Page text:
The town board went along perhaps not knowing the view would be, of course, of Modern Disposal's storage area of some 1,000 portable toilets, old scrap trucks, a giant landfill heaped tall with garbage, and a truck parking lot.

But the board asked no questions, taking Goldsmith's cue - ask Reiter no questions, and he will tell you no lies.

The community should be aware, based in part on what other local developers have done, such as the developers of the Woods at Blairville in Lewiston, that there is nothing in any of the town approvals - or any contracts - that would prevent Bridgewater from converting their planned "luxury senior housing" into a low- income project or a hybrid of low income and moderate income housing and not at all what was originally promised.

Enter Henry Sloma.

It could be coincidence, but Reiter's longtime political ally, Sloma, stepped down from his unpaid position as chairman of the Niagara County Industrial Development Agency (IDA), charged with granting tax breaks to businesses and developers in return for the creation of new jobs in the area, just in time to work on Bridgewater.

As a paid consultant working for Cutaia, Hanania and Reiter,, Sloma went before the IDA Board he had chaired for seven years.

Sloma helped the developers, Cutaia, Hanania, and Reiter, get a deal with the IDA that was unheard of before: $1.8 million in tax breaks from the people of Niagara County - in return for creating  three $30,000 jobs.    

The IDA, like the Town of Lewiston, also did not put any provision in their contract requiring Bridgewater Estates to build luxury senior housing and not low income housing.

One other curious thing cropped up: it was learned that the $12.3 million project had financing in place for $16.3 million, according to the IDA application filed by Cutaia and Hanania, which meant Reiter and his partners were going to over-finance, and pick up a tidy $4 million on the deal. The upfront windfall meant that no matter if the project failed or if the developers stiffed the bank and investors and let the building go into foreclosure, they still pocketed a cool $4 million off the top.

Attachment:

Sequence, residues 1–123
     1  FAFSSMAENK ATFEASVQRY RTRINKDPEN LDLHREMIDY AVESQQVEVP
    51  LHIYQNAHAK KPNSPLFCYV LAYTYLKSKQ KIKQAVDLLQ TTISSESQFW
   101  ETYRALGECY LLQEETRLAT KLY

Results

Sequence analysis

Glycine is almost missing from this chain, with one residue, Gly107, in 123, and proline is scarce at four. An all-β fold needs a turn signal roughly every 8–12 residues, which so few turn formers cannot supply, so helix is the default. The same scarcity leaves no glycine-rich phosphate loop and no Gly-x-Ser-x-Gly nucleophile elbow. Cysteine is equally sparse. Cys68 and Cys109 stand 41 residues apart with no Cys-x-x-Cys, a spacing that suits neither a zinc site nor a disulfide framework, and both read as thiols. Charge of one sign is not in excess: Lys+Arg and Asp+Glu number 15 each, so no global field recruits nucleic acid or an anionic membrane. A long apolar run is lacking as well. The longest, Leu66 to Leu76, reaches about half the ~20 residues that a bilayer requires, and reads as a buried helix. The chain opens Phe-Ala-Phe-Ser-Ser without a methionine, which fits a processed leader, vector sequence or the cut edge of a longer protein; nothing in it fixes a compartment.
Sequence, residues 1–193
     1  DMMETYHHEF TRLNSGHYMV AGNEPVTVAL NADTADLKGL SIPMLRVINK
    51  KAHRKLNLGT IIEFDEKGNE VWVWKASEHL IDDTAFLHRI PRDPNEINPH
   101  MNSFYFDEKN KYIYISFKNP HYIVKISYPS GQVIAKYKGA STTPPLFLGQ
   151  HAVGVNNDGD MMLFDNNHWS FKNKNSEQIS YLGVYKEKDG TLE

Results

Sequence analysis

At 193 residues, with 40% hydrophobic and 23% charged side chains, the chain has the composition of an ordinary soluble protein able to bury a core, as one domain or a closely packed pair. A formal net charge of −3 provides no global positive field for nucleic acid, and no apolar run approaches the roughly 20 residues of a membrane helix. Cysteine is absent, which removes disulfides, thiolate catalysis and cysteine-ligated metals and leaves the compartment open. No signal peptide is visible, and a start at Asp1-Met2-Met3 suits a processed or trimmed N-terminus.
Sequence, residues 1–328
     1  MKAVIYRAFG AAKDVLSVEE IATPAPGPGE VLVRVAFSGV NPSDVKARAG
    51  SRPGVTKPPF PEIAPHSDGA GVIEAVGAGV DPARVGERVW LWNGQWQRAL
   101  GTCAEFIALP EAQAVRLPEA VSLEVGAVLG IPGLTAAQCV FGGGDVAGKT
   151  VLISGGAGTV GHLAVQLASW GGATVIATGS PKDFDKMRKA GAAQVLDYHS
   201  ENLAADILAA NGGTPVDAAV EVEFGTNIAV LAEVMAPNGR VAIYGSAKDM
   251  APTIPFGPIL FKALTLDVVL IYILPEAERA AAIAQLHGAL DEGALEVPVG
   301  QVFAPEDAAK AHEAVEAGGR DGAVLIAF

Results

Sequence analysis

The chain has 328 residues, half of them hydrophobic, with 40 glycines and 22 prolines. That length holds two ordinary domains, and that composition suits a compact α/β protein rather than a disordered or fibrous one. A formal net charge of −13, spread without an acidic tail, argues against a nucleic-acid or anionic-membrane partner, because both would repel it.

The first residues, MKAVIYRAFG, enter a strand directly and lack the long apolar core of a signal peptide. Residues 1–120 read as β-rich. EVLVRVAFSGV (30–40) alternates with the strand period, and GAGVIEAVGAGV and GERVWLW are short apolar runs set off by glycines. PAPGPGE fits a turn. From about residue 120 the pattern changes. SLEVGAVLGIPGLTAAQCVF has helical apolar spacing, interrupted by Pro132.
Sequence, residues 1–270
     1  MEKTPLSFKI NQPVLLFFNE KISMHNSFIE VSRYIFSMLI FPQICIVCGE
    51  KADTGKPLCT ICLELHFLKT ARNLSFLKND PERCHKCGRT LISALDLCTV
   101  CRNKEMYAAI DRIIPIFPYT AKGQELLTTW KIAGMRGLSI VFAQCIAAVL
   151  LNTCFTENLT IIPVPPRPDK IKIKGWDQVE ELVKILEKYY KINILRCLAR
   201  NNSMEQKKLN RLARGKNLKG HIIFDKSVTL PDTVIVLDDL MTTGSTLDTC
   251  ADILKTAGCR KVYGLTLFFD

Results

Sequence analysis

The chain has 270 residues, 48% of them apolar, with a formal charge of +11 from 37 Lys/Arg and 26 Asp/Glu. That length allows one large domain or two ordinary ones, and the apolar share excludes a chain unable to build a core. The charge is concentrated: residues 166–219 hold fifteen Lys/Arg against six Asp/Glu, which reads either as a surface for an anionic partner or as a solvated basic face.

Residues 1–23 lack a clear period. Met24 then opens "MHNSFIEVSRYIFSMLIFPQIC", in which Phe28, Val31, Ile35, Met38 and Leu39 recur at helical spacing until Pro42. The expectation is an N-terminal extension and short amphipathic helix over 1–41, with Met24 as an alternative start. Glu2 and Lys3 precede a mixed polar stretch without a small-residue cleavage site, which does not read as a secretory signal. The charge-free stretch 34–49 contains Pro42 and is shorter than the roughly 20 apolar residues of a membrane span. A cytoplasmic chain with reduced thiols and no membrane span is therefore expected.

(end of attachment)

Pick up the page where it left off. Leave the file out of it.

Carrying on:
Reiter's share, at 19 percent, was $750,000, not including the $1.4 million his mother received for the formerly $350,000 property.

The over-financing was probably abetted by the tax breaks that Sloma delivered.

After Sloma got Bridgewater approved, he returned to his unpaid chairmanship at the IDA, perhaps to await the next paying customer with a curious deal, that will require him to step down again, earn his fee as a paid consultant to the developer, then, once the project is approved, return again to the IDA.

Last week, the Zoning Board tabled Bridgewater's request for an extension on the now- expired zoning variances, and a lawsuit filed by Sonia Washuta, owner of Modern Disposal, and neighbor of the Reiter project, heads toward court.

The leading characters of this sordid deal also include the then -all-Republican town board that served under Reiter and whose acquiescence was required in order to get this deal approved without all the legally required steps the town follows in development projects of this magnitude.

Like Councilman Mike Marra - who we have tried to reach but who has chosen instead to avoid our repeated calls. He voted for this plan without asking a single question.

Then there is Al Bax, also a councilman and a lawyer. A lawyer would know that this deal was not kosher.